HP’s New Direction: Five Critical Lessons For Your Business
After a string of stunning announcements yesterday, it’s fair to say Hewlett-Packard is undergoing the most dramatic changes in the company’s history. So, what can small MSPs and IT service providers learn from a $120 billion technology company’s missteps? Plenty. Here are five lessons involving distractions, focus, vision, execution and differentiation.
Lesson for MSPs: Your rivals may succeed in a fast-growing market. But that doesn’t mean you should chase the same, shiny market opportunity. Don’t move into a new market unless you truly have expertise in that market. Plus, make sure you can really compete with entrenched rivals.
Oracle Channel Chief Judson Althoff recently told me that the secret to Oracle’s success is focus. “Each day,” Althoff said, “we wake up and think about enterprise customers. That’s it.”
- Over at HP, CEO Leo Apotheker earlier this year told partners that HP was going to launch a cloud to compete with Apple iTunes and Amazon.com, while building out a software and services business, cashing in on the consumerization of IT, and innovating in the print market.
- And over at Microsoft, CEO Steve Ballmer spends his day worried about search (Bing vs. Google), mobile (Windows Phone 7 vs. Apple, Android), games (Xbox vs Sony), enterprise (Microsoft vs. everyone).
Oracle has remained dominant for more than 20 years because CEO Larry Ellison has provided consistent focus. I’m not saying I agree with all of Ellison’s business tactics. But it’s hard to argue with the results.
Lesson for MSPs: Pick two or three things you’re really good at and bet the company on those skills or services. Scrap everything else.
How do you take a focus and extend it into a long-term vision? Six months ago at HP, the vision was to offer WebOS on all HP tablets and PCs, providing the world with a mobile operating system that linked into HP cloud services. Today that vision is dead; HP has killed its WebOS hardware business. Meanwhile, Apple has pieced together multiple trends (digital content, mobility, wireless, the cloud) and become dominant with the iPad, iPhone, iTunes… and maybe even iCloud.
Translation: HP’s “vision” for most of 2011 was based on market trends that Apple identified five to 10 years ago. That’s not vision; it’s reaction.
Lesson for MSPs: Again, avoid the temptation to “envy” the successful MSP down the road. Try to take three or four different market trends and weave them into a branded service that you control. An example: Hosted VoIP tied to soft phones and mobile device management.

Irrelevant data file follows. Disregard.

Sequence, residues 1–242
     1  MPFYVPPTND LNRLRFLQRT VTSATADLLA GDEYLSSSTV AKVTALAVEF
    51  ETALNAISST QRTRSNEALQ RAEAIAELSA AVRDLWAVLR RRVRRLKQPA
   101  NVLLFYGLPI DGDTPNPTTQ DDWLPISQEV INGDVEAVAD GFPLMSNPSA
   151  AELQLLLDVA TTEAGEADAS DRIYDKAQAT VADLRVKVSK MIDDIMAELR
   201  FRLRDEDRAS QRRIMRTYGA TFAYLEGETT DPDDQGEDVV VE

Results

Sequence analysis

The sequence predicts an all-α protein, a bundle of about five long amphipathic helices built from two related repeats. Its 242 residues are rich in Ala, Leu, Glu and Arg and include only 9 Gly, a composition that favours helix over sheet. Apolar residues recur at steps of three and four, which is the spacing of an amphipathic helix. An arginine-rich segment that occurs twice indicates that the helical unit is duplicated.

Not sure how to spot the next trends? Take a walk over to your help desk and listen to incoming customer inquiries. They’re telling you where the market is going — and sharing business pain points — without you even asking.
Hewlett-Packard has been discussing a cloud strategy for almost a year now. Can anybody explain it to me? And can anybody clearly explain which cloud services HP currently offers, and which cloud services HP will soon offer?
Lesson for MSPs: Keep it simple. Tell your customers about the three to five things you’re going to do for them, and then offer measurable statistics to show you’re delivering on those promises.
HP is trying to sell off its $40 billion PC business because margins are shrinking. Yet, Lenovo just announced earnings results that beat expectations, and Apple continues to charged a premium for MacBooks and more. Question: What exactly makes HP’s PCs and laptops different? Answer: I’m not sure.
Lesson for MSPs: Anybody can sell cloud storage and remote management. But steal a page from Rackspace. What do they stand for? Sure, their cloud services are popular. But their brand is built around Fanatical Support. Find that similarly unique capability in your business. Simply reselling cloud services is similar to HP simply building PCs: You’ll never get rich from it.
Speaking About Focus…
Okay, I’ll get off my soap box now. But before I do… I have a confession: HP’s change of direction was a timely reminder for me as well. Our websites became popular because IT channel though leaders visit us to (A) read unique views and (B) contribute to an engaging conversation and (C) drive the industry forward. And on the sales side of the house, we’ve succeeded because (A) we listen to customers and (B) we rapidly respond to those needs with (C) unique offerings. That basically reinforces where Nine Lives Media Inc. will continue to focus its efforts. But sometimes writing down that information helps to keep me focused.